The London 2012 Olympic countdown has begun with the 9 January marking 200 days till the games begin.
Despite his energetic forecast, 95% of the Olympic's buildings said to be complete.
Coe spoke to ministers at the site in Stratford, east London as David Cameron made a bold statement about the 2012 Olympics by choosing to hold his first cabinet meeting in the Olympic park.
MPs headed east on board a high-speed Olympic Javelin shuttle train from St Pancras station in central London to discuss progress of the Olympics site.
Infrastructure including Internet technology for London 2012 is still being developed and there are 100 more studios to be built. The room where media transmissions are to be broadcast live was described as a "shell."
However Lord Coe, chairman of Olympics delivery team Locog, applauded the work that had been done, saying the park is in “great shape” and spoke enthusiastically about the building’s continuing progress.
Contracts for the long term running of the London 2012 parks have been drawn up with six of the eight main venues having secured a legacy after the Olympic games
Cameron noted the lasting commitment to the Olympic park.
"Not only are they already up and running, but they already have a future, and we can be very proud of that."
Responsibility for maintaining the Olympic Park for the next 10 years has been handed to Balfour Beatty as part of a £50m deal.
The arrangement is expected to create 254 jobs for local people paid at London living wage rate. It is hoped that 86 apprentices will also be employed.
Greenwich Leisure Limited will be looking after the Aquatics Centre and the handball arena. It is estimated 800,000 people will use the facilities each year.
Culture secretary Jeremy Hunt praised the contracts on the BBC Breakfast show, saying that many had feared London would be left with “white elephants” after the international event.
“To have got to the situation where six of the eight major facilities now have a proper legacy use is a big milestone and we want to get the other two sorted as well.”
Mayor of London Boris Johnson also praised the progress of the site's long term future.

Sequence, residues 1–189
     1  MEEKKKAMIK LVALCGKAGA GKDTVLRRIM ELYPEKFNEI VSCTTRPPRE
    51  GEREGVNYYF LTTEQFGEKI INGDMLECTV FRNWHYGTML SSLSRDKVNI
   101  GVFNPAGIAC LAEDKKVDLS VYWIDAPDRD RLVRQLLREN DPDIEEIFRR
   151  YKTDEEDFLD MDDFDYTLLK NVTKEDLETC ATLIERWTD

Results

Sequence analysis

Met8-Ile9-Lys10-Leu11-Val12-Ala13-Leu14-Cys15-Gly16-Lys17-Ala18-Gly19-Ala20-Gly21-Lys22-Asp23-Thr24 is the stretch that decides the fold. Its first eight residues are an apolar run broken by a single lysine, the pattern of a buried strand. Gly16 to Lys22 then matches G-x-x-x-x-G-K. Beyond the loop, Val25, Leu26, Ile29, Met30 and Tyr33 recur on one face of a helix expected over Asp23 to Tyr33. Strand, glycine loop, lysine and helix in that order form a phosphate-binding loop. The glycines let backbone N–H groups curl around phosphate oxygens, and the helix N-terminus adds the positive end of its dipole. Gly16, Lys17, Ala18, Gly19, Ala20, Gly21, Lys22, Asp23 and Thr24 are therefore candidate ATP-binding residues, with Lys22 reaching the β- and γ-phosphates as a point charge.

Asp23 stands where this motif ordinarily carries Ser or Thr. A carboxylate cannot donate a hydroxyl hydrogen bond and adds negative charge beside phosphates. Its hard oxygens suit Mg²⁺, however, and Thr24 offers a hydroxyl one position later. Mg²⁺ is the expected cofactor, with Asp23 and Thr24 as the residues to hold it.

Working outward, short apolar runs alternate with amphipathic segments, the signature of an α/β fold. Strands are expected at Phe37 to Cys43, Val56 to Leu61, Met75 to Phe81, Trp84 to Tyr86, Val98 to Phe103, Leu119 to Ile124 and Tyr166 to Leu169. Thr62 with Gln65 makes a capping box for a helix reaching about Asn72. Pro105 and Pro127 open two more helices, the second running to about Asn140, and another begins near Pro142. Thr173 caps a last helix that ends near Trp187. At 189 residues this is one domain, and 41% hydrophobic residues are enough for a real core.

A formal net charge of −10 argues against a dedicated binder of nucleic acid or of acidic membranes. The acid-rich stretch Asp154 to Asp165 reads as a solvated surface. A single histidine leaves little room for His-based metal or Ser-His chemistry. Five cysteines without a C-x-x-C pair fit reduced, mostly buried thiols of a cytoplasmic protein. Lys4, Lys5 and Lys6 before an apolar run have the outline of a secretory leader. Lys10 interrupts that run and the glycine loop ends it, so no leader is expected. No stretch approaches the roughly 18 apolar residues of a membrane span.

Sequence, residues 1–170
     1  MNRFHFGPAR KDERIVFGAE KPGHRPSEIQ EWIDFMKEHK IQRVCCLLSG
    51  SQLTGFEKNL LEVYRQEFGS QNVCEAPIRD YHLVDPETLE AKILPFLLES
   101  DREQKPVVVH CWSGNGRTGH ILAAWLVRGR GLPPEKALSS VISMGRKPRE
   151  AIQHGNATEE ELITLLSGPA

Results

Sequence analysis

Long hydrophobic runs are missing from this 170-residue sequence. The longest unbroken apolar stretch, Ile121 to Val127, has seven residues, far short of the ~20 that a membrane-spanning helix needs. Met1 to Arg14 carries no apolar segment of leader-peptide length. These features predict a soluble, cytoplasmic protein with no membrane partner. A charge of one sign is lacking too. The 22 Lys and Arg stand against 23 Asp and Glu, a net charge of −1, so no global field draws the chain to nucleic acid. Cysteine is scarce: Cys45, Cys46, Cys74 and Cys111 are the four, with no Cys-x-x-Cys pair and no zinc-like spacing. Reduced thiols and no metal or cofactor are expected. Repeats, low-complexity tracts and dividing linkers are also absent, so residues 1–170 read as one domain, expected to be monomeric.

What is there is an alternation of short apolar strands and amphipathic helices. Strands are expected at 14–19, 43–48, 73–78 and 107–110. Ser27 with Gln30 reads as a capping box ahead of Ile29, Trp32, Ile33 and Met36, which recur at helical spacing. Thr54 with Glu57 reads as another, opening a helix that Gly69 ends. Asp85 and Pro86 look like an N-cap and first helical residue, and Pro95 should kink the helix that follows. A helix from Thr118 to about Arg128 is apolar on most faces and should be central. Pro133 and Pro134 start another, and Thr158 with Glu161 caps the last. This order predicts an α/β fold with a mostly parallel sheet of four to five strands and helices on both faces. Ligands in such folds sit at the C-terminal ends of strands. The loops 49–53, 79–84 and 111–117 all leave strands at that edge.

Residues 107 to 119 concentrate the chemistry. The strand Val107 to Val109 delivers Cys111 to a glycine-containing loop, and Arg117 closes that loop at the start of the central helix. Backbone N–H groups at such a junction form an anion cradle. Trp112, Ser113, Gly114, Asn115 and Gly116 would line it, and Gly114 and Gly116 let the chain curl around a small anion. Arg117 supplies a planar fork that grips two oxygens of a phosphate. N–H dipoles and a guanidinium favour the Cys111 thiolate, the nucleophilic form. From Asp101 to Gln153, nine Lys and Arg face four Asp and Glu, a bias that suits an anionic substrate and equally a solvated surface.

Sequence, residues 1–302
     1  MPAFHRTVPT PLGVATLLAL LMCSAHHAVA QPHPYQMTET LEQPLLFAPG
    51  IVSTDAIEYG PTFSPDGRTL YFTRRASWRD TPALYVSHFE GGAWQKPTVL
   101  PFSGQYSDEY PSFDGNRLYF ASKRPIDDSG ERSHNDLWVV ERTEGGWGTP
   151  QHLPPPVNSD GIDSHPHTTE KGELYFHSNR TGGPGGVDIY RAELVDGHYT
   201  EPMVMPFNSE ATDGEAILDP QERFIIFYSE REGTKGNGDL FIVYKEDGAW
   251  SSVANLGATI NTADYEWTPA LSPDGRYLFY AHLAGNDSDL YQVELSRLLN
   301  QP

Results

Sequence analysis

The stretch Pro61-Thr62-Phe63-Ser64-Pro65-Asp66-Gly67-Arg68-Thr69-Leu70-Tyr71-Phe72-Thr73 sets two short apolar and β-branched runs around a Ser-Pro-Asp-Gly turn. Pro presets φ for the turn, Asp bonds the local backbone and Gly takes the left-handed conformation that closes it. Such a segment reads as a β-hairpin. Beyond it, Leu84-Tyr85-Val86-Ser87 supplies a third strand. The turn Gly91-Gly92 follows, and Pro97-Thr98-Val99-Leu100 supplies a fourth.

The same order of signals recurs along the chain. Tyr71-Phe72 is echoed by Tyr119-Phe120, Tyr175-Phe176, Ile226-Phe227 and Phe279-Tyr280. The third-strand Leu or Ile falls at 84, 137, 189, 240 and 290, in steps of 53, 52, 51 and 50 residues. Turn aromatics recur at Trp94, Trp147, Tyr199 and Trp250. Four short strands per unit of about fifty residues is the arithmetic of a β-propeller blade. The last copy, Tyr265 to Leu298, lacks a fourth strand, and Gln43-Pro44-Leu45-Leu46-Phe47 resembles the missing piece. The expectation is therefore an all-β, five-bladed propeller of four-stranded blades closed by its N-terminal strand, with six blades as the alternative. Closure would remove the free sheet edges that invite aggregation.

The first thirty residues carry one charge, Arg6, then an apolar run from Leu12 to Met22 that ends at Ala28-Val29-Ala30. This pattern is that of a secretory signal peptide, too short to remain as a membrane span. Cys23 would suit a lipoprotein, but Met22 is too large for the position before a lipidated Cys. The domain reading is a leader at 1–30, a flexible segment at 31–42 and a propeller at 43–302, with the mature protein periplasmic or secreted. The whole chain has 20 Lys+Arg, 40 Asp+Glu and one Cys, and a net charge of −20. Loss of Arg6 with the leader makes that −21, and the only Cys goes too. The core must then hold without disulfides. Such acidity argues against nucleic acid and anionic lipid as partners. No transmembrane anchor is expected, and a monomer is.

"We can now start the run in to a fantastic year of celebration with huge pride and optimism that London will stage a great Games delivering lasting sustainable benefits long after the athletes have departed."
However praise for the progress of London 2012 Olympics was overshadowed by news that police managed to smuggle a bomb onto the site during a security test last year. There are ongoing worries about the security of the site, but a spokesman for the Olympic Delivery Authority said it was working with the Met to improve security.
Additionally the Federation of Small Businesses (FSB) waded into the debate surrounding the benefits of London 2012, suggesting is sceptical of the added value of Olympic games. In a survey of almost 1,700 small firms, only 7% believed the Games will benefit them, with one in four saying they will have a negative impact.
FSB chairman John Walker said: "It is worrying that 200 days before the Olympic and Paralympic Games are set to begin, small businesses think it will not benefit their business.
"This is even more worrying considering the London 2012 Games was sold on the basis of its legacy. We all know times are tough, but 2012 is a year of big events that small firms should be able to benefit from.
"The government and Olympic Authorities must help show small businesses how they can reap the rewards from one of the biggest sporting and tourism events the country has seen for years."
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